Replacement RufflesFebruary 3, 2010 at 5:55 pm | Posted in Lollipop | 9 Comments
About this I will be clear: I did not want a “princess” daughter. No pink. No frills. No tutus. Nada.
We didn’t find out Lollipop’s gender for this very reason. I didn’t want that crucial bit of data influencing the way we planned for her arrival and imagined her little personality. Our kid could climb Mount Everest or join the NYC Ballet or eat paste. Pink or blue paste.
No preconceived notions from us. Just our kid being whoever our kid wanted to be.
Blame it on the Hormones
My husband thought I was a little nuts — to his credit he kept this mostly to himself — but I was adamant. We would be gender neutral. The nursery. The layette. The toys. And the blue car seat we planned to borrow from friends? Well, it would be great for a boy or a girl. So there.
Enter Lollipop. A girl. Friends and family who had showered us with lovely yellow and green and giraffe-y gender-neutral items suddenly did an about-face. A girl?? She needs pink, she needs it! So arrived in the mail: pink onesies, pink blankets, pink animals, pink books (about pink cupcakes and pink rainbows).
Babies R Us shareholders everywhere rejoiced.
Whatever You Do, Just Don’t Mention the “C” Word
Since Lollipop looked like a little old man for the first few months, I actually found myself pleased with our never-ending parade of pink. I could dress her in something pink, take her out in public, and have people tell me how beautiful my daughter was. (The borrowed blue infant carrier tripped them up occasionally, but mostly, they were spot on. My postpartum hormones appreciated this.)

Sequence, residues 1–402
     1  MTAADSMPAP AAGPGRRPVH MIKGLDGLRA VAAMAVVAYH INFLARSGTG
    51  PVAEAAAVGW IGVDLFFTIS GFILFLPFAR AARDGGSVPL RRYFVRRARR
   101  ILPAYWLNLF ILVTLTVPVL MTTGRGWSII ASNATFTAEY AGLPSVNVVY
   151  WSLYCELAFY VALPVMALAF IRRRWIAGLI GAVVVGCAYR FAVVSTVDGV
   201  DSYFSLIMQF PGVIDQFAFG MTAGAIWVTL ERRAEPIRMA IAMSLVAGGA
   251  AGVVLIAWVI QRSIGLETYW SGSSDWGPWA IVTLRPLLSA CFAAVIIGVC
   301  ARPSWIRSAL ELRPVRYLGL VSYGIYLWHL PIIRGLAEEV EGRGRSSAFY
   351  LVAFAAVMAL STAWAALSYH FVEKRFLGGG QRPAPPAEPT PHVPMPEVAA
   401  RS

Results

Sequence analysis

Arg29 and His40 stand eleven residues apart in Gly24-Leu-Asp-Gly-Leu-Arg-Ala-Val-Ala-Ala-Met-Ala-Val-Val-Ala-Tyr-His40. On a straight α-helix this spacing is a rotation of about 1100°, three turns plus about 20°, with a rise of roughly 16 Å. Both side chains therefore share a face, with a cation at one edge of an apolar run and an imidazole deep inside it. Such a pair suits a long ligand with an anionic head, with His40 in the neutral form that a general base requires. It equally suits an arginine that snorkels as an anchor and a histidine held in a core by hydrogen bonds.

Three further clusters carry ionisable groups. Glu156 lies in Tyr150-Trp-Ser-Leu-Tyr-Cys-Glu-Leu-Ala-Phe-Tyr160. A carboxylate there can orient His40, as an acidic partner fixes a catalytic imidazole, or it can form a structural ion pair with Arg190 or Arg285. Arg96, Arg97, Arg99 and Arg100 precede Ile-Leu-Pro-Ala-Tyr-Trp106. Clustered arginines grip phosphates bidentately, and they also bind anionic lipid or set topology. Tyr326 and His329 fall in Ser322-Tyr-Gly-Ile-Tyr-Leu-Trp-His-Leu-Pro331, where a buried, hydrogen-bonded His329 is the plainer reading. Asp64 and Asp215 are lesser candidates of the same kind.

Even still, I tried to maintain the gender-neutral mindset. As she grew, I offered her trucks just as often as dolls. I read her books about bugs just as often as bunnies. And I never, ever, not even once, mentioned the name “Cinderella.”
Mom on a Mission
Which brings me to the present. And what I’ve been doing feverishly this last week. Please don’t laugh.
I’ve been scouring Craigslist for a Cinderella dress for Lollipop. And not her first one. Her second.
Why do we need another? Because my one-day-will-climb-Everest-and-do-all-the-things-boys-do-just-as-well-if-not-better daughter eats, sleeps, and breathes Cinderella. (When I’m not trying to woo her with Princess Leia, that is.)
I kid you not. She sleeps in this dress. She eats in it (hence the permanent grape jelly stain on the beaded bodice). She agrees to take it off only nanoseconds before she gets in the tub. She wears it to school, the grocery store, her gym class.
And the repairs it needs are beyond my sewing and glue-gunning abilities.
All About the Bling
How, I ask myself, how did this happen? How did she even learn about Cinderella? And I have no idea. None.
But what I do know is this: From the beginning, she gravitated to princess dresses at other houses we visited. Costume jewelry, shiny high heels, feather boas, she could not get enough. Even when the other kids went outside to play on the trampoline or swing or eat rocks, Lollipop stayed in. Dressed to the nines.
Because You Can Totally Climb Everest in Heels
Oddly, this all-things-princess fascination doesn’t bother me like I thought it would. She is clearly choosing this. And she is learning to be whoever it is she’s going to turn out to be.
Granted, she’s learning one tiara at a time. But this is what I wanted for her all along.
And I’ve finally found her a new Cinderella dress. (Well, new to us … Have you seen how much those cost at the store??) It’s a package deal, comes with four other dresses. I’m going to pick them up tonight.
For my princess.